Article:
Staying safe on the slopes.

This year’s early snows got the powder hounds barking in collective anticipation, and a buzz of excitement spread through town for the season ahead. Now that winter’s here for good, it’s time to talk about mountain etiquette, safety concerns, and injury prevention, specifically avoiding concussions.

Most seasoned skiers and snowboarders adhere to mountain etiquette without even thinking about it. Whenever you start downhill or merge onto a new trail, look uphill and yield to others. Be able to stop abruptly to avoid other people, children, and obstacles. The person in front of you always has the right of way, even if they’re skiing erratically. Don’t duck ropes. We all like the look of untouched powder; however, those ropes and signs exist for your safety.

Ski at your level. If you’re a novice, avoid steep terrain. Conversely, if you’re an expert, speeding by a novice or children in ski school could startle them, causing an accident. Avoid intoxication. Après-ski rituals are a great way to end the day, but you should avoid drinking before hitting the slopes. Lastly, never stop where you can’t be seen.

Even if you’re cautious, accidents still happen. You might catch an edge, snag a tree, or be victimized by another, more reckless skier. Head injuries are of particular concern: for every 10,000 people on the slopes, three people sustain a head injury requiring medical attention. In 30-50% of those injuries, helmets help prevent skull fractures. But they can’t stop concussions.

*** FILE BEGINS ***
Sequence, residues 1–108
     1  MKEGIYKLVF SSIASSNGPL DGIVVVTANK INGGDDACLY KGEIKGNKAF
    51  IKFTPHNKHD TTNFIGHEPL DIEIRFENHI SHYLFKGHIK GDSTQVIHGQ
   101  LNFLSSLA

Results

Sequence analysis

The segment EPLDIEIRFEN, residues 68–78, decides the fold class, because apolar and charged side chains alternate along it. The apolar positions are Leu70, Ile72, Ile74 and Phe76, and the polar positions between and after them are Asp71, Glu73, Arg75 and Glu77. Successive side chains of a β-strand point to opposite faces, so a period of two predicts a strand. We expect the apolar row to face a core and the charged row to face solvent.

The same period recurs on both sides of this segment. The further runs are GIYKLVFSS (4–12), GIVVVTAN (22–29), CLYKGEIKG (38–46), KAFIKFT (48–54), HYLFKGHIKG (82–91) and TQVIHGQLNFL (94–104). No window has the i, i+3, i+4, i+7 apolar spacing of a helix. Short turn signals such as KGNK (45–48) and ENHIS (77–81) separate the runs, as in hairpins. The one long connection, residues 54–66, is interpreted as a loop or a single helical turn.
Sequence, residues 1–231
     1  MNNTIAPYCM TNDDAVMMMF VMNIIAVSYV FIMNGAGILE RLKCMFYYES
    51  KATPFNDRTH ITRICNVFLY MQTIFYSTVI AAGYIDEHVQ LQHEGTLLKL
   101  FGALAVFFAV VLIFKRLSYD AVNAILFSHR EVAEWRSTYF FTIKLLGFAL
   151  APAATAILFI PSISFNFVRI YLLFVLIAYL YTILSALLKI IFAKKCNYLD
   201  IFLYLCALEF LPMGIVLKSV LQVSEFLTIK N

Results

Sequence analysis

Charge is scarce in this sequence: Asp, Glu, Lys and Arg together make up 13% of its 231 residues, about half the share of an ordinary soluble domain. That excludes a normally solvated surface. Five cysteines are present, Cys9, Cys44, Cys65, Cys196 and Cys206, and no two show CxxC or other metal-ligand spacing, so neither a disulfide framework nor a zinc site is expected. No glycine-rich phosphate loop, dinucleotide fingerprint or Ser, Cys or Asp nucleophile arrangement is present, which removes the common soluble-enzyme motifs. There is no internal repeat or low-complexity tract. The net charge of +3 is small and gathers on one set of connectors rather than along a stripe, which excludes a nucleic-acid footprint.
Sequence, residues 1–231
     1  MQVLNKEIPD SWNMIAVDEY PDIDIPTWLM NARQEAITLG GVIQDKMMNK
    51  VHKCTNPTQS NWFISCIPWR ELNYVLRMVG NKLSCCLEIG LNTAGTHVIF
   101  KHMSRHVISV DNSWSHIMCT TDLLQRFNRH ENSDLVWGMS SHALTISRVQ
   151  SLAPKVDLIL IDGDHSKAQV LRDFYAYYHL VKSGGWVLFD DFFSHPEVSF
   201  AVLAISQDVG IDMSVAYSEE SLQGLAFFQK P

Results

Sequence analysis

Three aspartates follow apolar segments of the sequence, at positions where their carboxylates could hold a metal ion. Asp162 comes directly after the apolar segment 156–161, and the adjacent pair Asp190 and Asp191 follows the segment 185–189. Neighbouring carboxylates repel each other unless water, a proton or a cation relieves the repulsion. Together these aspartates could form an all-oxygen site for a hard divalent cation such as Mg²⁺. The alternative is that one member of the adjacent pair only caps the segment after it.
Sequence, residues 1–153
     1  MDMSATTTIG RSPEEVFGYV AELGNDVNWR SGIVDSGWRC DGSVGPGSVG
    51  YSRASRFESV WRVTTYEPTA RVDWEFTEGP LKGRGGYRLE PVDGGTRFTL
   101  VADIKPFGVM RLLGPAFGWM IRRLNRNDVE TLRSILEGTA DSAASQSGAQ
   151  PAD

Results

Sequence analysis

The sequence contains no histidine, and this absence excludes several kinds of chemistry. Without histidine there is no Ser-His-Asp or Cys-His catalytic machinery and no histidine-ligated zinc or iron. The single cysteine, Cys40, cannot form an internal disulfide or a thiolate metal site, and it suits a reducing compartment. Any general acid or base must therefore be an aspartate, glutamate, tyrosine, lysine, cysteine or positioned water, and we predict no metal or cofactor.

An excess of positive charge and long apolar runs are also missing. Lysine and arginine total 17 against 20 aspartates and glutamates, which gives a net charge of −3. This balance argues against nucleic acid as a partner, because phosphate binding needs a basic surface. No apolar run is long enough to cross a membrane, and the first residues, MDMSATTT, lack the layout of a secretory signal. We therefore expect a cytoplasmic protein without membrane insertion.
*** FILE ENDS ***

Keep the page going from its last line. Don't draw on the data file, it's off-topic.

If you suspect a concussion, stop skiing. Call for ski patrol and allow them to assess you and assist you down the mountain. The symptoms vary from person to person, but headache or migraine, dizziness, nausea, fatigue, imbalance, cognitive trouble, mood swings, sleeping problems, and visual disturbances are all telltale signs.

Once you’re back in town, seek out a trained medical professional. Assuming more serious injuries have been ruled out, such as a skull fracture or hemorrhage, a vestibular physical therapist should evaluate you to determine the type of concussion you’ve suffered and develop a treatment plan to help you return to the slopes as soon as possible. Vestibular therapists treat the inner ear (vestibular system), and are instrumental in appropriately guiding people back to sport and life following head injuries.

This winter, do your best to enjoy what we all hope will be a deep snowpack. Just do yourself and others a favor: look before you leap, and make sure to wear a helmet.

Kelsey Housman is an Emory-certified vestibular physical therapist at APRS in Bozeman.